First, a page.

Going down the K-hole

I slept no more than five hours last night, partly because I rarely sleep well anyway and partly because I was nervous about having cataract surgery today (I'm posting this two days after I started writing it, so the surgery is over), but mostly because I'm euphoric over the prospect of receiving my first Ketamine infusion next week. The pain that I've lived with for years has various causes and afflicts me in various parts of my body, but the worst of it consists of soft tissue back pain that started when I broke my back in 2016. J___, my pain specialist, has done everything he knows to do, but nothing has worked, and I've often thought about seeing a pain specialist named L___ who gives Lidocaine infusions, something that J___ isn't set up to do. I didn't because I had little confidence that Lidocaine would work, but mostly because I feared losing my monthly oxycodone allowance. When I heard that L___ is offering Ketamine infusions, I ran not walked to make an appointment. I saw him yesterday, and he agreed to start me on Ketamine next week. The treatment will take two hours, and will have to be repeated every month or so. I figure that even if it doesn't relieve the pain, it will surely diminish the severe depression, and anything that helps with the one helps with the other.

Ketamine is sold illegally as Special K. The common term for the high is falling into the K-Hole, but it's also called, and I kid you not, God. It got these names because it takes users out of their bodies (some people even forget that they have a body) and causes hallucinations. Because such things can lead to panic, L___ adds a benzodiazepine (a family of downers that includes Valium and Ativan) to the IV. He said that, even with the downer, those who enjoy Ketamine most benefit most, and that some of them drop from a chronic pain level of seven all the way down to zero. 

I anticipate a lovely trip, but Peggy doesn't see it that way. Peggy says there's something wrong with people who enjoy drug trips. Peggy says I shouldn't even talk about such things, even with her, and this inspired me to chant, "I'm going to get wasted in the doctor's office; I'm going to get wasted in the doctor's office!" Peggy then complimented me on my emotional maturity, and I complimented her on hers. Ours was a veritable love-fest of respect and affection.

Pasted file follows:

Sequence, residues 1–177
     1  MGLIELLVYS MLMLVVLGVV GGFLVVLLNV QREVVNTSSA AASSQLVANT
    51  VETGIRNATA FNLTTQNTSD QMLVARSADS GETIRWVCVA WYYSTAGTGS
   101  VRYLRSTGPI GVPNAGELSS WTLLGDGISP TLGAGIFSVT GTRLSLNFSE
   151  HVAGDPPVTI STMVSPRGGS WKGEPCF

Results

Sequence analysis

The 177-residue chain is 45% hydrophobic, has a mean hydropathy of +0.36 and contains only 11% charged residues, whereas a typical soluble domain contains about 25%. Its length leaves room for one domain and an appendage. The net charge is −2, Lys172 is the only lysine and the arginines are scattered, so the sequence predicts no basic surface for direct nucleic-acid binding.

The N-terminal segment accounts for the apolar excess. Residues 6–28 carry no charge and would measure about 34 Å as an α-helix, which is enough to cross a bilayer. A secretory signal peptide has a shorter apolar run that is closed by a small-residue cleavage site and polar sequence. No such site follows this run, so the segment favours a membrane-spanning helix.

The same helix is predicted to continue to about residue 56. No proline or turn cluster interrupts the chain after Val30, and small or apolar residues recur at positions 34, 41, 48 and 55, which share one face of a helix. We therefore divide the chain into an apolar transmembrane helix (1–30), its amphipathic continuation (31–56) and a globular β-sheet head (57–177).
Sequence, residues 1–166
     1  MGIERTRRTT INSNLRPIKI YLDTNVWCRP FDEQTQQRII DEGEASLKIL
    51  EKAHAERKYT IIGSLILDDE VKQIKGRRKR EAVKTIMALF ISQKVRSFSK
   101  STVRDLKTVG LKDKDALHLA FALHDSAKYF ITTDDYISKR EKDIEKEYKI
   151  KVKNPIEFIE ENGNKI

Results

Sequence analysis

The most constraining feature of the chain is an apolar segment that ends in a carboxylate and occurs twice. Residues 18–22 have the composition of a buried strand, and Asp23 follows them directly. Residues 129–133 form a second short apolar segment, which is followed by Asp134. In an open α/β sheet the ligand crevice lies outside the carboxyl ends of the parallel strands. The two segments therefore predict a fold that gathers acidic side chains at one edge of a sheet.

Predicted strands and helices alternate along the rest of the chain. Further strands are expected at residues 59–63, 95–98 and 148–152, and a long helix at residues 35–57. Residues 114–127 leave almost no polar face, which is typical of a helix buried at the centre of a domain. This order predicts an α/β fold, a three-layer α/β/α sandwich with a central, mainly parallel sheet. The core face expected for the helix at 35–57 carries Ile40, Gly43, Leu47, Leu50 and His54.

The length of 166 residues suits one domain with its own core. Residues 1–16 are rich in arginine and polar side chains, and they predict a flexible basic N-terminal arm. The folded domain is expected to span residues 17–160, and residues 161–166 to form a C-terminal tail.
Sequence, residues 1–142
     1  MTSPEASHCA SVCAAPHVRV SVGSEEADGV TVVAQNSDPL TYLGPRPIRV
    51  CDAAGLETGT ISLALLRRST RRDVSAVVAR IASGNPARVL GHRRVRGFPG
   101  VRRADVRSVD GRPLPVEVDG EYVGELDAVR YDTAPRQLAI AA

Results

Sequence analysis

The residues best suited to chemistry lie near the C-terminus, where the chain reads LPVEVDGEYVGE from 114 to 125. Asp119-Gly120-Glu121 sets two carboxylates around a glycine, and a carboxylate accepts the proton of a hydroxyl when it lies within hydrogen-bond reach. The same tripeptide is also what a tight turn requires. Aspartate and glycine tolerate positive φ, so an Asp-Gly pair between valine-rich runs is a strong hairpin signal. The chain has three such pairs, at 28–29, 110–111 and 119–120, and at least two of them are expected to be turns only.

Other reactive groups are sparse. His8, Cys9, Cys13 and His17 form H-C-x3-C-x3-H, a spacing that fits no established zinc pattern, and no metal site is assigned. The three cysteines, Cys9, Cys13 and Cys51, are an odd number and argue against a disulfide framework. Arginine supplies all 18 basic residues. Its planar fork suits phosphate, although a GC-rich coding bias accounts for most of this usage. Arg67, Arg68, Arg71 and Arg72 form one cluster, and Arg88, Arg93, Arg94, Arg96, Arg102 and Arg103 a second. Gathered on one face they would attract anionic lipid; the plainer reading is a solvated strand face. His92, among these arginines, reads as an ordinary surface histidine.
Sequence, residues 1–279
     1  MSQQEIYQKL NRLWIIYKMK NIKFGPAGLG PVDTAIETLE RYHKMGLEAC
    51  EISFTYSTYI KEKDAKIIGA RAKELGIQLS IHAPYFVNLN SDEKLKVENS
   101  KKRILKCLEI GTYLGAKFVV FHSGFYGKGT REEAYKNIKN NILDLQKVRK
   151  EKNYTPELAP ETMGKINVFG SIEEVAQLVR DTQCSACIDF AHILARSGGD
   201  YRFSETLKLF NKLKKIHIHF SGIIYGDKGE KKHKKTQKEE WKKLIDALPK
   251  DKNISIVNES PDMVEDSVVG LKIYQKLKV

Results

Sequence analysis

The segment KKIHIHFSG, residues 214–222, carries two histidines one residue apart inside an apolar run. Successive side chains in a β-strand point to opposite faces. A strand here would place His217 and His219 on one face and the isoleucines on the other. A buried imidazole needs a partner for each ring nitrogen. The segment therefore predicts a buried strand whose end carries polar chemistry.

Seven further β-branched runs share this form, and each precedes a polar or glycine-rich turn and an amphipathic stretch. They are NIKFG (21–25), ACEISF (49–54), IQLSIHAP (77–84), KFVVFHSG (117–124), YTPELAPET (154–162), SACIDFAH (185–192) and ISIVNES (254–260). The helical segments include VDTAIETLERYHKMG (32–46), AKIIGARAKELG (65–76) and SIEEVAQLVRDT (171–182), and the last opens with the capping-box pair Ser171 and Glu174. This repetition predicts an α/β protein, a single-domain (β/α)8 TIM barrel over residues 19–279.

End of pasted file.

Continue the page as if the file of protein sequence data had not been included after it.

I reminded Peggy of what L___ said about Ketamine's efficacy being enhanced by enjoyment, but she wasn't swayed. L___ said I'll need her to drive me home. L___ said that she can be at my side during the infusion as long as she's supportive, but I worry that such support as she is able to offer will ring false, and that I'll be too vulnerable to shrug it off. 

Many years ago when I took every hallucinogenic that I could find, I discovered that if I took them on a sunny day amid beautiful surroundings, and was either alone or with a trusted friend, I would have a good trip; but if I took them at night, at a party, among people I didn't know or trust, and in an unfamiliar place from which I couldn't easily escape, the result was so frightening that I couldn't move or speak. When people noticed my distress, they would stop talking and stare at me, causing me to feel like an insect upon which the sun was being directed by a a magnifying glass. An infusion lab means strangers, strangeness, clinical sterility, and the expectation of decorum, but L___ suggested that I bring peaceful music (I anticipate Bach or Vivaldi), and I anticipate sitting with my eyes closed.

But why did I take drugs that cause hallucinations and dissociation in the first place? Three reasons: curiosity; a desire to test my psychological strength; and the hope of seeing God. I failed the mental toughness test, and God never came, but the visual manifestation of creatures more frightening than a Bosch painting did, but only when my surroundings were wrong. When my surroundings were right, the universe became physically beautiful and morally benevolent. On the night that I went on my worst trip, I eventually founding myself alone in a completely darkened room, where I spent the next several hours enthralled by an ethereally beautiful kaleidoscope of light, safety, and color. When dawn came, I watched water oaks do a joy dance across the Louisiana Delta. On another occasion, my mind created the wildest and most beautiful electric guitar music I had ever heard, and the music lifted me into the air while I sat in a chair. These unreal experiences rank among the most joyful, memorable, and enriching experiences I've ever known.

Next week, I take a drug that will hopefully cause my spirit to soar, both in the short-term and the long-term. "Some people walk into the clinic with a pain level of seven, and walk out with a zero," L___ said, and I am happy to think that it might be so.